- Future of the Guerrilla Movement in Bolivia: With his capture, the guerrilla movement had suffered an overwhelming setback in Bolivia, but he predicted a resurgence in the future. He insisted that his ideals would win in the end even though he was disappointed at the lack of response from the Bolivian campesinos. The guerrilla movement had failed partially because of Bolivian Government propaganda which claimed that the guerrillas represented a foreign invasion of Bolivian soil. In spite of the lack of popular response from the Bolivian campesinos, he had not planned an exfiltration route from Bolivia in case of failure. He had definitely decided to either fall or win in this effort.
- According to [less than 1 line of source text not declassified] when Guevara, Simon Cuba, and Aniceto Reynaga Gordillo were captured on 8 October, the Bolivian Armed Forces Headquarters ordered that they be kept alive for a time. A telegraphic code was arranged between La Paz and Higueras with the numbers 500 representing Guevara, 600 meaning the phrase “keep alive” and 700 representing “execute”. During the course of the discussion with Guevara, Simon Cuba and Aniceto Reynaga were detained in the next room of the school house. At one stage, a burst of shots was heard and [less than 1 line of source text not declassified] learned later that Simon Cuba had been executed. A little later a single shot was heard and it was learned afterward that Aniceto Reynaga had been killed. When the order came at 11:50 a.m. from La Paz to kill Guevara, the execution was delayed as long as possible. However, when the local commander was advised that a helicopter would arrive to recover the bodies at approximately 1:30 p.m., Guevara was executed with a burst of shots at 1:15 p.m. Guevara’s last words were, “Tell my wife to remarry and tell Fidel Castro that the Revolution will again rise in the Americas.” To his executioner he said, “Remember, you are killing a man.”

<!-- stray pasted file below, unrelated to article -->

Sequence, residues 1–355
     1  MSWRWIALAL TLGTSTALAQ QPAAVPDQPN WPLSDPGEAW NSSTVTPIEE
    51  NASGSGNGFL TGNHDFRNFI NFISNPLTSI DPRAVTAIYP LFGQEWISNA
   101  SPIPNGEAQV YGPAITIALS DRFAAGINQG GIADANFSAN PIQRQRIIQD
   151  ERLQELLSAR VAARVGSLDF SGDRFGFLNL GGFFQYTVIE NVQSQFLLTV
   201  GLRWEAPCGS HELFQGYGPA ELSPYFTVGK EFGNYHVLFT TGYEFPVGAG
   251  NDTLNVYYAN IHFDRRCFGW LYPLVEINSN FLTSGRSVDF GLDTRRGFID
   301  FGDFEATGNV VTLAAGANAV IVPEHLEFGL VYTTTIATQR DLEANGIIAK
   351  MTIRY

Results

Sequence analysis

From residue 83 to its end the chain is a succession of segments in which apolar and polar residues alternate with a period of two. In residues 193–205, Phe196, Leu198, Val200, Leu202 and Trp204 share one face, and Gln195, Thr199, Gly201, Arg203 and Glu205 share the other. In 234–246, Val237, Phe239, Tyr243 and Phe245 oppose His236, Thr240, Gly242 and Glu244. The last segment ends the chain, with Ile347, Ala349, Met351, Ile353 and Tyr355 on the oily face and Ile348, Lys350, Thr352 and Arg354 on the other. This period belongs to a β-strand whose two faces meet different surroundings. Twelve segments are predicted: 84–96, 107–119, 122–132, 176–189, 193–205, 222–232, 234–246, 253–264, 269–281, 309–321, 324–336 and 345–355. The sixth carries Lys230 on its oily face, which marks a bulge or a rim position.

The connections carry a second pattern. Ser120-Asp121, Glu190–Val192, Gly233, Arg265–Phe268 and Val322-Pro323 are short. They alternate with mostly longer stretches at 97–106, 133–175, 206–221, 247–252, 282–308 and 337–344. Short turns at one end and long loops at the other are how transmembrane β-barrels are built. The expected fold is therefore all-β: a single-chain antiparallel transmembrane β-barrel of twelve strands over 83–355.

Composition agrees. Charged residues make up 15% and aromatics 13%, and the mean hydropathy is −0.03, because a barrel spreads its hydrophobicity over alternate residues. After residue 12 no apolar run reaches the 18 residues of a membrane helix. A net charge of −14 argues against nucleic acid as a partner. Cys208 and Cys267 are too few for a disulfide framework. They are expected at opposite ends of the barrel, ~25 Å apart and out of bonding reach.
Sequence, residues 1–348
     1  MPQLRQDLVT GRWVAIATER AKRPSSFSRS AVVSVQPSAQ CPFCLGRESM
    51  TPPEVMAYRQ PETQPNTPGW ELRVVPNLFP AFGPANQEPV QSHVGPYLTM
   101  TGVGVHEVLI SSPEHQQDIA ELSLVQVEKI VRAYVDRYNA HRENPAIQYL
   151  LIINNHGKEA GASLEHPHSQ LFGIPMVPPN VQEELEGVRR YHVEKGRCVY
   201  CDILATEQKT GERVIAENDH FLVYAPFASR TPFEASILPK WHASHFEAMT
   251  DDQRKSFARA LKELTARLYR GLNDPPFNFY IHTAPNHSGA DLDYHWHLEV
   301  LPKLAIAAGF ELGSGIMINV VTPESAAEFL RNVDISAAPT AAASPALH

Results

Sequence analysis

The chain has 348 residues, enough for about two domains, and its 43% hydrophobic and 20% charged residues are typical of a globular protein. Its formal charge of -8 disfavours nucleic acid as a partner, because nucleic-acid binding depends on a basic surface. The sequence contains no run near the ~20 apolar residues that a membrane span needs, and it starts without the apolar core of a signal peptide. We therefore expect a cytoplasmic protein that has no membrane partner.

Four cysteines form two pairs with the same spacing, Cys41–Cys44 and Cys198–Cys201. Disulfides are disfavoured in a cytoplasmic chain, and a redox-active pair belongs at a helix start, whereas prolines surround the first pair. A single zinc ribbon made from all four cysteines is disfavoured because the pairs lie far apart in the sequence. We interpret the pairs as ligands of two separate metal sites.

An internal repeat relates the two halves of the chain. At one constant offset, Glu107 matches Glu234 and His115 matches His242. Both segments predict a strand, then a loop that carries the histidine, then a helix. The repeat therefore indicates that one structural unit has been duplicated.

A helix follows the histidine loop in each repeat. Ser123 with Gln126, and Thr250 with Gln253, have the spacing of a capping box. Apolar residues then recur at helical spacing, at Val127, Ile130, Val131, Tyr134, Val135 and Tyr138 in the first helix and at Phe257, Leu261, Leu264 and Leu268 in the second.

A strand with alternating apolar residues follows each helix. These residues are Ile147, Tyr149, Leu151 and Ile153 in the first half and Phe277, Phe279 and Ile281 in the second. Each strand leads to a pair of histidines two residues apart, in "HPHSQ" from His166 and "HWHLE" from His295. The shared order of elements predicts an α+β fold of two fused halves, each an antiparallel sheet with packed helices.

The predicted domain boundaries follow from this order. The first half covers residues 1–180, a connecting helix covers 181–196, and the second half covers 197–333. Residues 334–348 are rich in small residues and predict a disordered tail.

- At no time during the period he was under [less than 1 line of source text not declassified] observation did Guevara lose his composure.
[Richard Helms, Director of the CIA]
Source: Johnson Library, National Security File, Country File, Bolivia, Vol. IV, Memoranda, January 1966-December 1968. Secret. Copies of this memorandum in CIA files indicate that it was drafted by Broe and [name not declassified] in the Western Hemisphere Division and approved by Karamessines. (Central Intelligence Agency, DDO/IMS, Operational Group, Job 78-06423A, U.S. Government-President).
For more on Che in Bolivia see Jonathan C. Brown, Cuba’s Revolutionary World (2017)
Also by Jonathan C. Brown on Not Even Past:
Yoav Di-Capua on the story behind an image of Che in Gaza
Edward Shore reviews Che: A Revolutionary Life by Lee Anderson
Franz D. Hensel Riveros reviews Che’s Afterlife: The Legacy of an Image by Michael Casey